The Maltman

Happy birthday to my big brother, Steve!

Wandering the Howff again, trolling for material I suppose as always. That’s what I do all the time. You know that by now, don’t you? That’s what writers do: absorb everything and turn it sideways and fit it into stories. You have to turn it slant, as Emily would say, because the naked truth seldom makes a good story. Too many jagged edges and implausible events.

So here’s the gravestone erected by maltman (i.e. brewer) Robert Ramsey and his wife Isabel Duncan in memory of their daughter Margaret who died aged 4 years and 10 months in 1814.

It’s a shock to remember just how recent the heartbreak of early childhood death stopped being so widespread. While poorer nations continue to suffer these losses as a sad norm, we’ve grown used to the expectation that our children will grow and thrive. We went to a christening yesterday, a big happy celebration of life for little Ayla. Long may she prosper. Thankfully she has every likelihood of doing so.

Georgian and Victorian families: together in death as in life. Everyone takes their place in turn. Tradition takes many forms and the constancy of place (at least until the Howff was closed to further burials) preserves a tangible history in a lovely location.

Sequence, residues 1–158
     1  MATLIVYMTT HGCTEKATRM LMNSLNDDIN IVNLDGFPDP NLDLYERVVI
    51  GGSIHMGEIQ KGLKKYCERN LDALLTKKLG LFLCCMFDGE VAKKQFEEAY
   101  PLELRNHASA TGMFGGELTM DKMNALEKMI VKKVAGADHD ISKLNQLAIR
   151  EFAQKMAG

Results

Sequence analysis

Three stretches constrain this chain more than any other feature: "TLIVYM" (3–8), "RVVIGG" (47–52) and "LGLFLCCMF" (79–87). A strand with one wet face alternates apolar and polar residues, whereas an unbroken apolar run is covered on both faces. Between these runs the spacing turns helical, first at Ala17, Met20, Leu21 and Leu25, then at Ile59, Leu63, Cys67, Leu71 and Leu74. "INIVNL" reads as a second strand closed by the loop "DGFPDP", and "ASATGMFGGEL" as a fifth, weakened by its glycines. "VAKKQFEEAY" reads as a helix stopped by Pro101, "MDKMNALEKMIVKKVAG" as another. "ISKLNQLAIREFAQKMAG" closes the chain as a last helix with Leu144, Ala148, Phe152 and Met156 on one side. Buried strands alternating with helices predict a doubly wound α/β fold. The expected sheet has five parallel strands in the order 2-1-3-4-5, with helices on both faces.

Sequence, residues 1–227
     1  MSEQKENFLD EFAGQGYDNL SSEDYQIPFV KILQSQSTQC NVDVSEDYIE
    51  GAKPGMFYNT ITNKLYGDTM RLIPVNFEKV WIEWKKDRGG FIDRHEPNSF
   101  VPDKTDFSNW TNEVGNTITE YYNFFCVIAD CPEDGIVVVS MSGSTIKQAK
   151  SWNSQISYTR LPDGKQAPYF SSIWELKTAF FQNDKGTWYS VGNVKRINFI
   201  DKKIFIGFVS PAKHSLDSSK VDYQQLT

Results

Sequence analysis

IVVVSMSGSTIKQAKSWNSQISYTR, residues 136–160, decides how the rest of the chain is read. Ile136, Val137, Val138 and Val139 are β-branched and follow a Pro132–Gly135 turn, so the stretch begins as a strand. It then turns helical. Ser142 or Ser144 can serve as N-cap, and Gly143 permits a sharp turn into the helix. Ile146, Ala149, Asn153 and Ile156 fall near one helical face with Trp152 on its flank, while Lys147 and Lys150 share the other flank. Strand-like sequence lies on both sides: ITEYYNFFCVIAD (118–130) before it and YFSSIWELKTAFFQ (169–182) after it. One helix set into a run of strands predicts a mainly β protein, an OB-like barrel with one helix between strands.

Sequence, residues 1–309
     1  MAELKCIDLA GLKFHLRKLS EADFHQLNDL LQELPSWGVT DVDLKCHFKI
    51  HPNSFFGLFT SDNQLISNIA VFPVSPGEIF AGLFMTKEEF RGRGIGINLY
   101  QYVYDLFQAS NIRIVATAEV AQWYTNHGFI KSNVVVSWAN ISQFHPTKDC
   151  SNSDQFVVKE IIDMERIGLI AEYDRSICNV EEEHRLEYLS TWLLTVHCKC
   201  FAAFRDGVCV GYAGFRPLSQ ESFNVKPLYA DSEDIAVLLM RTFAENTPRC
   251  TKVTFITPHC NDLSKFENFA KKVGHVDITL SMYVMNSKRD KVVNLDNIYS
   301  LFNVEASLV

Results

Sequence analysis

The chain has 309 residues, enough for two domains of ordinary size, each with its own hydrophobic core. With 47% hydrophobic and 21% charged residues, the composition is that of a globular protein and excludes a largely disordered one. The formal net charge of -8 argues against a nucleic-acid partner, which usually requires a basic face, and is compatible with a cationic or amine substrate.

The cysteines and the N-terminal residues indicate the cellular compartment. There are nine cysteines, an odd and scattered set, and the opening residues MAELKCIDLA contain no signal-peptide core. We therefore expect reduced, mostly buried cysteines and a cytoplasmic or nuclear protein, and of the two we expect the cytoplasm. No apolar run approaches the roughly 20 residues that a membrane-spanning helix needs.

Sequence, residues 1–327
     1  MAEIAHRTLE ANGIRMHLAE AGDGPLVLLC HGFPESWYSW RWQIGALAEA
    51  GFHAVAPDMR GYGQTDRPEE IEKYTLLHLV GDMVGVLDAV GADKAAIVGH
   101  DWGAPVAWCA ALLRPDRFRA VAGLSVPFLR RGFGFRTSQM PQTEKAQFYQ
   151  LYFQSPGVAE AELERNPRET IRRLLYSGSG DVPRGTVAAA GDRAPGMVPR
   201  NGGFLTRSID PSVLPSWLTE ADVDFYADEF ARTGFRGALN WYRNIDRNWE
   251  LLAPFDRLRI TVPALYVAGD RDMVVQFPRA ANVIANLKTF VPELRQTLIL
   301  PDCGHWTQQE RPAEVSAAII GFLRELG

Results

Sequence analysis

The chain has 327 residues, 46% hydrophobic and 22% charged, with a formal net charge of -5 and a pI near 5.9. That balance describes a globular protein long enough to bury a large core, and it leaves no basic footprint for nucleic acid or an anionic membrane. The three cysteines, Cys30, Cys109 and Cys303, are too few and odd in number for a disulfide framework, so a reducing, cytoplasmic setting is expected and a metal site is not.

Much to explore in Dundee, but I do find myself drawn back to this site. It’s so beautiful and peaceful. And other nice surprises await there; I shall have to ask Miss Wendy about this nest. I’m not sure what kind of bird dwells here. A ‘pendant nest’ I understand from the initial searches I did.

See more of the photos of this grave at the 2nd Dundee photo album. Much to do this week as I’m off to Harrogate on Thursday. Doubtless many stories to tell from there! Trying to get some good way into the new novel in case I have an opportunity to pitch it to someone.

4 thoughts on “The Maltman

  1. It always troubles me to see how often children died before age 5. My father was born in 1914, one of the youngest of 19 children born to his parents. Eight of them died before age 5. How do you get past that?

    • You can see why people were less sentimental about childhood in earlier ages; not to suggest that parents did not grieve, but they did not have the luxury of dwelling on it, life did not allow the space for it.

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